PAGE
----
How did the shipping industry fare in the past year? – Allianz Commercial




How did the shipping industry fare in the past year? – Allianz Commercial | Insurance Business America















South China and nearby areas a hotbed for global losses


Marine

By
Kenneth Araullo



Increasing volatility and uncertainties from war, geopolitical events, climate change, and the trend toward larger vessels pose challenges for maintaining the shipping status quo, according to Allianz Commercial’s Safety and Shipping Review 2024.

Given that up to 90% of international trade is transported across oceans, maritime safety is critical. Thirty years ago, the global shipping fleet lost around 200 large vessels a year. This number fell to a record low of 26 in 2023, a decline of more than one-third year-on-year and 70% over the past decade.

“The speed and extent of the industry’s changing risk profile is unprecedented in modern times. Conflicts such as in Gaza and Ukraine are reshaping global shipping, impacting crew and vessel safety, supply chains, and infrastructure, and even the environment,” Allianz Commercial global head of marine risk consulting Captain Rahul Khanna said.

“Piracy is on the rise, with a re-emergence off the Horn of Africa. The ongoing disruption caused by drought in the Panama Canal shows how the changing climate is affecting shipping, all at a time when it is having to undertake its most significant challenge, decarbonization,” Khanna said.

Shipping losses down from 2022

In 2023, 26 total losses were reported globally compared to 41 a year earlier. Over the past decade, there have been more than 700 total losses (729). The South China, Indochina, Indonesia, and the Philippines maritime region is the global loss hotspot, both over the past year and decade (184). It accounted for almost a third of vessels lost last year (8).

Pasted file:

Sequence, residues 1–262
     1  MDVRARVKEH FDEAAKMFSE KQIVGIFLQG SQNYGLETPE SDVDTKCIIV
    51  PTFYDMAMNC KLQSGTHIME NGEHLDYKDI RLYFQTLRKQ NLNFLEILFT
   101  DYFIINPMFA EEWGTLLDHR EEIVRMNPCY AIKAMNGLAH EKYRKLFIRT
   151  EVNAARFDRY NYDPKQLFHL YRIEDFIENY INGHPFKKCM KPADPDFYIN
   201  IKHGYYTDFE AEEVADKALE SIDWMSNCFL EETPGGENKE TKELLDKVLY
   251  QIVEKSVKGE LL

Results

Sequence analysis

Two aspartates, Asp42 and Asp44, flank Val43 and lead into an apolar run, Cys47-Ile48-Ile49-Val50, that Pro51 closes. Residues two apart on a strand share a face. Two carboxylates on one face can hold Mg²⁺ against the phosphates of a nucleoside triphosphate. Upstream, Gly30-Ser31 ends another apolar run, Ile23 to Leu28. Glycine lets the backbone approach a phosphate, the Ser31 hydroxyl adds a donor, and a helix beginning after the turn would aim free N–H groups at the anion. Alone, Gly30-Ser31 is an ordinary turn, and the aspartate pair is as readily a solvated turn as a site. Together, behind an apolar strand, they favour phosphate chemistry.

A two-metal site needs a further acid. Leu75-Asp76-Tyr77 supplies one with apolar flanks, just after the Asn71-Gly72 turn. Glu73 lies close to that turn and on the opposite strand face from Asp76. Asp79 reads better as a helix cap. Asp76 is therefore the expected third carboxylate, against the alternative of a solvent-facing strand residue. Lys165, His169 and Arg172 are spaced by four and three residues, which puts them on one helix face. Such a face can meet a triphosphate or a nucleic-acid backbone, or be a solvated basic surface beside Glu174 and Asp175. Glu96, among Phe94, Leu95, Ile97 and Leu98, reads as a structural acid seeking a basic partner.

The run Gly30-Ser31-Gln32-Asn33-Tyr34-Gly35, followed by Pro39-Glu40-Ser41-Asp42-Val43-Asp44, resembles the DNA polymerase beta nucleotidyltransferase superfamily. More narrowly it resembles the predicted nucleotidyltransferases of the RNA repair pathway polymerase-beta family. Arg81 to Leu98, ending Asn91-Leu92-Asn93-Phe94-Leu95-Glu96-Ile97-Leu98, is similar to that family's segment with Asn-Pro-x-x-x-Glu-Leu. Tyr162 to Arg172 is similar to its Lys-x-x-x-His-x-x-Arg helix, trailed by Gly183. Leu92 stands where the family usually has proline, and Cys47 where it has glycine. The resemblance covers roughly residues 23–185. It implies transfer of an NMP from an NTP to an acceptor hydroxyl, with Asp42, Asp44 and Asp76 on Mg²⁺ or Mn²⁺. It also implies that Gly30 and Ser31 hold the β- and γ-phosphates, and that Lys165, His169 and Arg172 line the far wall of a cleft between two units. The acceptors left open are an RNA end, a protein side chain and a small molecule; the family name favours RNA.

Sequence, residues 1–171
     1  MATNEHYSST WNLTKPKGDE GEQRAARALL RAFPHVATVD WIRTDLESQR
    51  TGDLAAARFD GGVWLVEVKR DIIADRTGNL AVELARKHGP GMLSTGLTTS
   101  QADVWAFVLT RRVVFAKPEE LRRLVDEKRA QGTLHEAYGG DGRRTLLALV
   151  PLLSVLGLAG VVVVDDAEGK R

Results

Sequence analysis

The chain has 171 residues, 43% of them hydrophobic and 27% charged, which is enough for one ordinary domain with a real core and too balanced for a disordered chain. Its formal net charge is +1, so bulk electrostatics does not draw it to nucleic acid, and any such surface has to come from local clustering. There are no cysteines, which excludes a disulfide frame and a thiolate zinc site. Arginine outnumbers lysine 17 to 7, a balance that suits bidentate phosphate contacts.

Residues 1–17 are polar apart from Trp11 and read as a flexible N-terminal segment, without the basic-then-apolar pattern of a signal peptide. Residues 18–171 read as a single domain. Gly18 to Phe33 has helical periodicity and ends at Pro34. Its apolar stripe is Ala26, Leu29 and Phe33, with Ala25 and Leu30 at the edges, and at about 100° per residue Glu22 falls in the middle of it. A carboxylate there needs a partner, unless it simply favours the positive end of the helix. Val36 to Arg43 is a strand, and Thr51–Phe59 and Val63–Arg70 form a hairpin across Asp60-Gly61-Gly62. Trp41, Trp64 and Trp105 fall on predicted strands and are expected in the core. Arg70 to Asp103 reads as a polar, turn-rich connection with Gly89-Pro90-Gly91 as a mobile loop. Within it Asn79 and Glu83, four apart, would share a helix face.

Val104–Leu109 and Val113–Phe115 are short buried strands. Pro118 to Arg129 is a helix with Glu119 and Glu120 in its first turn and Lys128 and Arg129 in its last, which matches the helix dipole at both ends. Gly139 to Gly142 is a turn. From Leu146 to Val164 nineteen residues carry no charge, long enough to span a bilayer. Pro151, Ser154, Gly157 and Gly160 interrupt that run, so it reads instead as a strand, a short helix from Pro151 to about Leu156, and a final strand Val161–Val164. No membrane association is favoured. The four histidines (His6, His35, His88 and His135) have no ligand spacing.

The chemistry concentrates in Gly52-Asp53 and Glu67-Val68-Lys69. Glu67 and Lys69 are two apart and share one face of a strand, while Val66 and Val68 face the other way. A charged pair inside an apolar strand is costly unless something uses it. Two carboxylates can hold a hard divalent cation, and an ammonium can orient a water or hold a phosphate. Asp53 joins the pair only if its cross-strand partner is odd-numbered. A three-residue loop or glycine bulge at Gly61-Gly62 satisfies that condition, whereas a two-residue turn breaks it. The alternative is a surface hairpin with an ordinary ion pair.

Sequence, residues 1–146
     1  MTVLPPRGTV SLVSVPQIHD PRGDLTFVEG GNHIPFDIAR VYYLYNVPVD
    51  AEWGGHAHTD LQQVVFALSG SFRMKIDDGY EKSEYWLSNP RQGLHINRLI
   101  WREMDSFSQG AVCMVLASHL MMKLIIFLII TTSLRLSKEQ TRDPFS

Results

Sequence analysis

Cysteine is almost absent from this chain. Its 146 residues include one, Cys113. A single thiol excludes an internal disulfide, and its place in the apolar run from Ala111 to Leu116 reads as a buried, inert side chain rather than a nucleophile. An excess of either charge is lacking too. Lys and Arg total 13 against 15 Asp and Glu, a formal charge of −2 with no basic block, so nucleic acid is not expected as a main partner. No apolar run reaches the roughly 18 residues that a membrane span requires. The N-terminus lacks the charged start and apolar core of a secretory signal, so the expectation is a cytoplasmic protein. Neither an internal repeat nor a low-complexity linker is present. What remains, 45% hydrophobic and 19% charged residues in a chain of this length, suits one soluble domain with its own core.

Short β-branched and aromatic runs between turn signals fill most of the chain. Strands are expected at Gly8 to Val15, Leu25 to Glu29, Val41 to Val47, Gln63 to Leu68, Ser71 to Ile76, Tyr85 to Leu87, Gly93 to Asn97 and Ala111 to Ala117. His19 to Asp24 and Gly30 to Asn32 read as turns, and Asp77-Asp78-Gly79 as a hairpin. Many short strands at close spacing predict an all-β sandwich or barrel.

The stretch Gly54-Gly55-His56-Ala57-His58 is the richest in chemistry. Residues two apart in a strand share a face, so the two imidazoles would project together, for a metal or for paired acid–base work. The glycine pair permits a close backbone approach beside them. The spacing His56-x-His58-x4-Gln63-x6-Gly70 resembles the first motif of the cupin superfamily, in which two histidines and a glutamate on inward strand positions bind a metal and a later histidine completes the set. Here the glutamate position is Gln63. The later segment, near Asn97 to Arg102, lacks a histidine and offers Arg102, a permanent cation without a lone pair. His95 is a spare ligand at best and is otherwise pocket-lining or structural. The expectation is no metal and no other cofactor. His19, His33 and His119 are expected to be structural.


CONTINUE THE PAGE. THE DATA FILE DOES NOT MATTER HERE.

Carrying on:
The East Mediterranean and Black Sea rank second (6), with increased activity year-on-year. Cargo ships made up over 60% of vessels lost globally in 2023. Foundering (sinking) was the main cause of all total losses, accounting for 50%. Extreme weather contributed to at least 8 vessel losses in 2023, with the final total likely higher.

The number of shipping incidents reported globally declined slightly last year (2,951 compared to 3,036), with the British Isles reporting the highest number (695). Fires onboard vessels, a perennial concern, also declined.

However, there have been 55 total losses in the past five years, and over 200 fire incidents reported during 2023 alone (205), the second-highest total for a decade after 2022. Fires remain a key safety issue on larger vessels due to the potential threat to life, the scale of damage, and associated severe costs, contributing to the long-term increase in the cost of large marine insurance claims.

Recent incidents, such as those following the conflict in Gaza, have highlighted the increasing vulnerability of global shipping to proxy wars, disputes, and geopolitical events, with more than 100 ships targeted in the Red Sea by Houthi militants in response to the conflict.

Disruption to shipping in and around the region has persisted and is likely to remain. The re-emergence of Somali pirates, following their first successful hijacking since 2017, is another cause for concern.

Khanna notes that both the war in Ukraine and the Red Sea attacks have revealed the increasing threat to commercial shipping posed by new technologies such as drones, which are relatively cheap, easy to make, and difficult to defend against without a large naval presence.